In lecture, he announced to the class that he would no longer say the full epithet and tell the anecdote in class anymore. He told The Maroon that if the epithet comes up in his class, he “will refer to it as ‘the N-word.’”

Asked for comment on Stone’s past use of the epithet and his change of mind, the University said in a statement to The Maroon, “We believe universities have an important role as places where controversial ideas can be proposed, tested, and debated by faculty and students. Faculty members have broad freedom in the choice of ideas to discuss in the classroom and in their expression of those ideas, and students are free to express their views on those subjects.”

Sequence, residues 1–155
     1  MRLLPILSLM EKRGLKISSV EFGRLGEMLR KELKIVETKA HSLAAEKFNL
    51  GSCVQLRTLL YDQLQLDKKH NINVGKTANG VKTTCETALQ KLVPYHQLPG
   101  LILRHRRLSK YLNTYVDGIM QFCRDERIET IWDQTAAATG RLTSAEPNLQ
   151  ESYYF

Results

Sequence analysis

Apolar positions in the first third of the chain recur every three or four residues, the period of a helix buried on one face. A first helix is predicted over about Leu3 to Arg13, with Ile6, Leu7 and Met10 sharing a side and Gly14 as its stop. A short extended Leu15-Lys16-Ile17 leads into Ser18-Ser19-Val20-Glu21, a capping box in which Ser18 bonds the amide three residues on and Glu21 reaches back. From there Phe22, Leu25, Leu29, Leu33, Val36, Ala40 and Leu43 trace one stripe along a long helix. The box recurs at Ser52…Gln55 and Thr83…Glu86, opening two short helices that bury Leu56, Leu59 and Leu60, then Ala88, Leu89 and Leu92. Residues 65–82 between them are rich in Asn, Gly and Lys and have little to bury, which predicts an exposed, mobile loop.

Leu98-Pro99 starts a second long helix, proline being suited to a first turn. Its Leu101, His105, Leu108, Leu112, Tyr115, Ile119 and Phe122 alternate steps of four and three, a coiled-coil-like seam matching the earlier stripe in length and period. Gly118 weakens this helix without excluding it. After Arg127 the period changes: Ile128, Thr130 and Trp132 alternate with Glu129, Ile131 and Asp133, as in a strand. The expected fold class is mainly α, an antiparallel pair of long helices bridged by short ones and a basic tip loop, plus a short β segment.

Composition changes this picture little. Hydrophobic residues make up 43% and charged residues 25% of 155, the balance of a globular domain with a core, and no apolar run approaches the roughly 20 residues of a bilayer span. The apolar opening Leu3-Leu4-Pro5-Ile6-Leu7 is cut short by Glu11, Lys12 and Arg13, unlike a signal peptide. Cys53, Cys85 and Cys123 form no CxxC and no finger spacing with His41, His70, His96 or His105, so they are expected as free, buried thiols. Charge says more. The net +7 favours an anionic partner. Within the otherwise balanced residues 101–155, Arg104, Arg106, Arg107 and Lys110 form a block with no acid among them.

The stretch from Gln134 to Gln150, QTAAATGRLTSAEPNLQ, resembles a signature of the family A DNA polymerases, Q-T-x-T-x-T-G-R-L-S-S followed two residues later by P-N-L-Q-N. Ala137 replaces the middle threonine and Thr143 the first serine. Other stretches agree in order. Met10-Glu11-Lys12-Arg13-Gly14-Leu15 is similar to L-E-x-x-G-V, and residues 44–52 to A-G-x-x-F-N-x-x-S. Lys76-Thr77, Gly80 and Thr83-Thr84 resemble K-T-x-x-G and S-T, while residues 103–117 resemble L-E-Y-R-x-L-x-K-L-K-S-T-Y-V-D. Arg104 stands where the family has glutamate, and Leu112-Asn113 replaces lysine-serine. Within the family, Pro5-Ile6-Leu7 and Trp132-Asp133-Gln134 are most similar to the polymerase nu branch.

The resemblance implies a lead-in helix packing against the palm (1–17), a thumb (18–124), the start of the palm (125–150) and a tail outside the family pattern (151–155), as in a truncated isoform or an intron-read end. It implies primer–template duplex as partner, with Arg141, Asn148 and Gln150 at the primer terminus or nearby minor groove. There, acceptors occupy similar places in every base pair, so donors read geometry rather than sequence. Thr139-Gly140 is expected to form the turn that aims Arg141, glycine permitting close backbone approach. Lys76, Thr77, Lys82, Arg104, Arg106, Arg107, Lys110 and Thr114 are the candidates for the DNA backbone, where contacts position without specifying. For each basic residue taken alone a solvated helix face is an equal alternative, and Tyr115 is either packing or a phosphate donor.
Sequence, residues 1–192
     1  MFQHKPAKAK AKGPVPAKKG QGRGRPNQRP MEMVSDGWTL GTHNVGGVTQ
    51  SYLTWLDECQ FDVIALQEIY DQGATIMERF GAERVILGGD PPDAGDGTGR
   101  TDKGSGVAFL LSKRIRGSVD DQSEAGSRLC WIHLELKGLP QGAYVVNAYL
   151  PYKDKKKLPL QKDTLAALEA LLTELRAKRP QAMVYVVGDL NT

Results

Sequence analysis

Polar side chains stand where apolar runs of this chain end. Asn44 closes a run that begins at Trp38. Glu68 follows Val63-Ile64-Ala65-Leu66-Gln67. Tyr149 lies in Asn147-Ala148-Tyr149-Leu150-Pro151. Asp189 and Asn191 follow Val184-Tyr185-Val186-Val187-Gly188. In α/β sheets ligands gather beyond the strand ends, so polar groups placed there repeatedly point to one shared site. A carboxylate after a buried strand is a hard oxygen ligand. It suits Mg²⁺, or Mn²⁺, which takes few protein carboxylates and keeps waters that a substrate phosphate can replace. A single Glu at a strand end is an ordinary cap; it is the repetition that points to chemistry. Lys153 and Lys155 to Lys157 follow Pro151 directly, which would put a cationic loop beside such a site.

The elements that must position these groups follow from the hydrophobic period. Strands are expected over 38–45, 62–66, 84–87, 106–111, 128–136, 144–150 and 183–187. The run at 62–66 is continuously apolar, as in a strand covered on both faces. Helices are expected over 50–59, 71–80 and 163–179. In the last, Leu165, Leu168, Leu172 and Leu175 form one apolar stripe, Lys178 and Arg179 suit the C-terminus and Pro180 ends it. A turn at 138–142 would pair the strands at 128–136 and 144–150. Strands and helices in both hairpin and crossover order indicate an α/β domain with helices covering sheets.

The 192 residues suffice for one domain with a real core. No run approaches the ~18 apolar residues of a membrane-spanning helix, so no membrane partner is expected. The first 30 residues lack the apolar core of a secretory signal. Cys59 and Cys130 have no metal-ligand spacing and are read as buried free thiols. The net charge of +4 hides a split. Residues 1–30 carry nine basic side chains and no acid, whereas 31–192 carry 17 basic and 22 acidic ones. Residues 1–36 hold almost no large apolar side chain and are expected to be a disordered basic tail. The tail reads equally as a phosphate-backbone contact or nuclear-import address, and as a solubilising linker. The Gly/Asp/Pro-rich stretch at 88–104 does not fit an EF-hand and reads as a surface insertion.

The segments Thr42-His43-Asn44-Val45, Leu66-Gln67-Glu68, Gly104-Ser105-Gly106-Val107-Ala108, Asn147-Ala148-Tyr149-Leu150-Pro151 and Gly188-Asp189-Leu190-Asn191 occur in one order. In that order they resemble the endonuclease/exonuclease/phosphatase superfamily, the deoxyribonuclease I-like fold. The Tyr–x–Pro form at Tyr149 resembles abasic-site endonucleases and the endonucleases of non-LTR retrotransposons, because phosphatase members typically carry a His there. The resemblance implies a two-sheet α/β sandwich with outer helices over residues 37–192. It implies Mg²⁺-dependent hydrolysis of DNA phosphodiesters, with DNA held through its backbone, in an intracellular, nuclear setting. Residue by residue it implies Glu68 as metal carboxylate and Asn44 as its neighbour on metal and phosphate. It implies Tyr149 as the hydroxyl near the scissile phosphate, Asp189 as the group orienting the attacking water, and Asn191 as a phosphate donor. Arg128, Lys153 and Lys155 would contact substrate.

Nwosu said she has a “mixed bag” reaction to Stone’s announcement that he would stop saying the epithet. She said she believed BLSA had “achieved something small,” but was disappointed that Stone had only announced his decision in class and had not officially communicated to BLSA his decision.

“This was a conversation with BLSA members, so I hoped he would articulate to us directly,” she said. She would have liked if Stone had “called up the dean of the Law School to have a conversation with members of BLSA, maybe also the dean of students, just to wrap up the whole situation.”

“That would have been a nice wrap up.”

Editor’s note: The Maroon avoids gratuitous use of racial slurs. We publish such words only when they are essential to understanding the story. We did not publish the epithet in question in this article because the article provides sufficient context. See the Associated Press’ policy on obscenities, profanities, and vulgarities for reference.

The Maroon quotes sources verbatim. Where we have styled the epithet as “N-word,” this is a direct quote — that is, we are quoting people who said “N-word” in interviews